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Tech traveller: Hotel chatbots

Like a hotel with a personal touch? Move over simpering concierge, these days the little extras are often generated by efficient little chatbots

Tech traveller: Hotel chatbots
Image: Getty

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Chatbots are becoming increasingly commonplace — before long, we’ll spend more time talking to them than we do to our spouses. You might think I’m joking but that’s an actual prediction by analytics firm Gartner. The hospitality industry has embraced artificial intelligence, with numerous hotels now deploying chatbots that act as a digital concierge; always online and ready to serve, no matter how demanding a guest might be.

Bebot is a company providing this service to hotels in Japan, with Holiday Inn the latest to sign up. Guests receive a registration code to access the bot, which provides everything from travel advice to sightseeing tips and restaurant recommendations. Bots interact using everyday language, so technophobes needn’t fear robotic responses; it feels just like you’re chatting to the front desk.

Gooster, meanwhile, is a service provider that enables hotels to self-brand the chatbot in a widget or run it through Facebook Messenger. Such is the number of hotel groups now using this technology, you’ll probably find it offered the next time you make a reservation.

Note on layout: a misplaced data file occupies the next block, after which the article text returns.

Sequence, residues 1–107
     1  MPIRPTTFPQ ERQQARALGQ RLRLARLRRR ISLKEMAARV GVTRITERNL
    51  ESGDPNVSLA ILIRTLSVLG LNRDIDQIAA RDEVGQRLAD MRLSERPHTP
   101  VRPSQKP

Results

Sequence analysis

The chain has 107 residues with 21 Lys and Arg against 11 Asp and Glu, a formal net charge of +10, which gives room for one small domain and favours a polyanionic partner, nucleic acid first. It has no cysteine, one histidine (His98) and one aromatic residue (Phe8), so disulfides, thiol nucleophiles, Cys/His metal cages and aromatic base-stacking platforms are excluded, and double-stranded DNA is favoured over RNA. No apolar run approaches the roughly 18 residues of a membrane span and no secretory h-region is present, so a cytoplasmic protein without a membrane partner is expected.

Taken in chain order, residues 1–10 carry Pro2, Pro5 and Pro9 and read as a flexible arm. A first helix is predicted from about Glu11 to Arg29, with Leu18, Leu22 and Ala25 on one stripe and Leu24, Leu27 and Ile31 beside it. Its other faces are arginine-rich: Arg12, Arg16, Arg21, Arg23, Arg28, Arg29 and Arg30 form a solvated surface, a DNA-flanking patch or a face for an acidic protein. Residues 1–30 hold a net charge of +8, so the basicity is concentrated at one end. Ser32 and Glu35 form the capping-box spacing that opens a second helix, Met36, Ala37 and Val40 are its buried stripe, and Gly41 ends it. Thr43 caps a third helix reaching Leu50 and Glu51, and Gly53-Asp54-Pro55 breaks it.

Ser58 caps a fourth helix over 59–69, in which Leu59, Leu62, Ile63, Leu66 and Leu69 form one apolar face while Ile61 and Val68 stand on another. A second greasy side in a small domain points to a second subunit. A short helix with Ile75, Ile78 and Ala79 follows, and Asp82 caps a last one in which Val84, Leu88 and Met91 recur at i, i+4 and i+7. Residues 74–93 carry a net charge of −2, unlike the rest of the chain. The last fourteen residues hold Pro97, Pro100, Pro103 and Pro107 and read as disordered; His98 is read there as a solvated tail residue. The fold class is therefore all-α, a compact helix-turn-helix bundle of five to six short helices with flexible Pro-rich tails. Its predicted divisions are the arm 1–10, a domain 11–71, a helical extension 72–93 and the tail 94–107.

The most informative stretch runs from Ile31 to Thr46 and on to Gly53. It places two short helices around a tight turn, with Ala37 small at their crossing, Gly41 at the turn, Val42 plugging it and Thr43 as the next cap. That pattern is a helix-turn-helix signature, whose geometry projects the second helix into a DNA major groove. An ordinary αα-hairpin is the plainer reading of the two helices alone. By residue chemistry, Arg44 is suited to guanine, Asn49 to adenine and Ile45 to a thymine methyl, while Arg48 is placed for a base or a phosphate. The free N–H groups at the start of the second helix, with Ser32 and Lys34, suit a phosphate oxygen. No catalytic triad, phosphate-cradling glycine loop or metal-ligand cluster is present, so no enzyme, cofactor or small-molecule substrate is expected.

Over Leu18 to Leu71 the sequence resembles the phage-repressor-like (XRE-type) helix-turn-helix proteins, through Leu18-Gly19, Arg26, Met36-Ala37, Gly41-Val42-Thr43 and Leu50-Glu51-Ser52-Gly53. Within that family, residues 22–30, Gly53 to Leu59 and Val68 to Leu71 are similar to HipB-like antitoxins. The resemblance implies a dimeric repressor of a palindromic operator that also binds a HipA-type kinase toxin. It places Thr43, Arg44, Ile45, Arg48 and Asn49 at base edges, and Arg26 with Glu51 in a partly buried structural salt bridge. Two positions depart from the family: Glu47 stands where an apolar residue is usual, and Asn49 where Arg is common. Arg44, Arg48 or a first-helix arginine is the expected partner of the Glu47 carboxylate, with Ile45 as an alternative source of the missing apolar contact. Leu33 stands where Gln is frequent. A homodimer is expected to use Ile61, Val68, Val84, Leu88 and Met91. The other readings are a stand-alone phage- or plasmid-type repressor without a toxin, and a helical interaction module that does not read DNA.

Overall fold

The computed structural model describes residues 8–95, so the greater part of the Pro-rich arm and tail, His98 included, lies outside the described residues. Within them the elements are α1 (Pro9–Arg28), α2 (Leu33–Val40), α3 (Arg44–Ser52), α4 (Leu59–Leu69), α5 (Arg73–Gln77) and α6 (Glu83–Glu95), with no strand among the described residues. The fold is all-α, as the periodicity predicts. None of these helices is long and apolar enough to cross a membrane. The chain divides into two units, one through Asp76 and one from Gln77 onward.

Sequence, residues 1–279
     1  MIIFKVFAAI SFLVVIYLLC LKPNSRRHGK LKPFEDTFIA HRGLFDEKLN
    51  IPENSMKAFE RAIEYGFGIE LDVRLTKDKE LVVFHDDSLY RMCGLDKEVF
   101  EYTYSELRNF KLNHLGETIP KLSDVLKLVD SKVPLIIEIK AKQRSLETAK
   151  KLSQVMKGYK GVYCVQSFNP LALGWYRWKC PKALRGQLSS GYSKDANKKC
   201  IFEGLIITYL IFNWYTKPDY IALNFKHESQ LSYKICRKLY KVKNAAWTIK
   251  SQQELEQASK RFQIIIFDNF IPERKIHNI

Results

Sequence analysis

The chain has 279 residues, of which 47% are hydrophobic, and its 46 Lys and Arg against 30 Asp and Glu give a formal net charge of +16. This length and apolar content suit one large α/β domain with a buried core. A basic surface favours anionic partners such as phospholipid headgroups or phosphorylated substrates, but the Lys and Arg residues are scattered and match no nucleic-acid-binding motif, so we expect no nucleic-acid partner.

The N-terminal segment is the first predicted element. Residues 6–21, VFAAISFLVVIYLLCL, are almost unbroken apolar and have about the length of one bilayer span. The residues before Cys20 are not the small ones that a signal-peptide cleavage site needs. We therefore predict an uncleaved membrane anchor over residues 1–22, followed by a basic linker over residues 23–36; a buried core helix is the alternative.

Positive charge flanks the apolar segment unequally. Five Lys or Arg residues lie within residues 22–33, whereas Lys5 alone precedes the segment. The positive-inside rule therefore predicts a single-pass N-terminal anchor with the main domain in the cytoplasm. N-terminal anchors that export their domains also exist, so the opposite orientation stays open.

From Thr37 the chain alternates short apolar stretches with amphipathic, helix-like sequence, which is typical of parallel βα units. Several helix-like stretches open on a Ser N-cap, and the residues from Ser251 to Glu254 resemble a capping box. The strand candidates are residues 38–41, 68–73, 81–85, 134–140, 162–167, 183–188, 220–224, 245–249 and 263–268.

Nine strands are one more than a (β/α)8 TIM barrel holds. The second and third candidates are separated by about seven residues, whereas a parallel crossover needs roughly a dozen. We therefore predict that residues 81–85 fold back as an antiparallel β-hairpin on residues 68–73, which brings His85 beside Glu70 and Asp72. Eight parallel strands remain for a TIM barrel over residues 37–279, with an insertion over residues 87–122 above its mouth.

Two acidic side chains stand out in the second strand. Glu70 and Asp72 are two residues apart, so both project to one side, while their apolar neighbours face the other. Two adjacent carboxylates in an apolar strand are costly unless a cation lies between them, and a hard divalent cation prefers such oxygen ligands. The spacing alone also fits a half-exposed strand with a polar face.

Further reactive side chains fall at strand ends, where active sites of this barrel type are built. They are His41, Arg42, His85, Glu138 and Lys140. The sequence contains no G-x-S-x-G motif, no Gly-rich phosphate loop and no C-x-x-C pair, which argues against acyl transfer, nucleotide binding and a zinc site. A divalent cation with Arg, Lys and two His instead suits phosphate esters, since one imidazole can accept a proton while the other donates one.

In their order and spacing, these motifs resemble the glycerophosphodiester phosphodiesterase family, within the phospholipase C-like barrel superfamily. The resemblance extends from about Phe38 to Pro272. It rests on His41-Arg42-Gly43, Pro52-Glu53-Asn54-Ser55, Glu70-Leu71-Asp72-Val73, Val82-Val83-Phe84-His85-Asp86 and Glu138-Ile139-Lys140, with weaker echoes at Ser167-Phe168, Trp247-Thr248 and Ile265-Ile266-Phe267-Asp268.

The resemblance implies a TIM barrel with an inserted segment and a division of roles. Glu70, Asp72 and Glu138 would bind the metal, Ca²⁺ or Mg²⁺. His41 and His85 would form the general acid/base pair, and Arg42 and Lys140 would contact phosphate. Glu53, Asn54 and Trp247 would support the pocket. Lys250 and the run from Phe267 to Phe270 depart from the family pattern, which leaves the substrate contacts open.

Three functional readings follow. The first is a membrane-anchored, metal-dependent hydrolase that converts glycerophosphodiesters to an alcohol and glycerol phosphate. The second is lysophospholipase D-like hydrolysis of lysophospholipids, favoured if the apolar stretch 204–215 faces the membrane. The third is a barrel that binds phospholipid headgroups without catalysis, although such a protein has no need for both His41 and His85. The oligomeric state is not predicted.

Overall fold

But if you prefer that human touch, Four Seasons Hotels and Resorts has recently deployed a digital concierge service that lets guests chat with hotel staff via Facebook Messenger, WeChat, KakaoTalk or SMS. The chain says 95% of messages are answered in under five minutes.

Get the gadget: G-Ro smart carry-on

The stylish G-Ro has large wheels set into the sides to make it easy to pull across rough terrain — without sacrificing capacity. A 10,000mAh power bank that fuels dual USB ports means you’ll have enough power to charge a phone up to four times. Plus, if you have to check your G-Ro into the hold, the battery can easily be detached and carried into the cabin. It also features a Bluetooth luggage tracker. For an extra £60 you can upgrade this to the GSM-GPRS tracking system. Alternatively, of course, you could simply pop an old smartphone with ‘find my phone’ activated into the bag to locate it anywhere around the globe (providing the phone still has battery life).
RRP: £499.

Kate Russell is a technology reporter for @BBCClick and author of Working the Cloud

Published in the April 2018 issue of National Geographic Traveller (UK)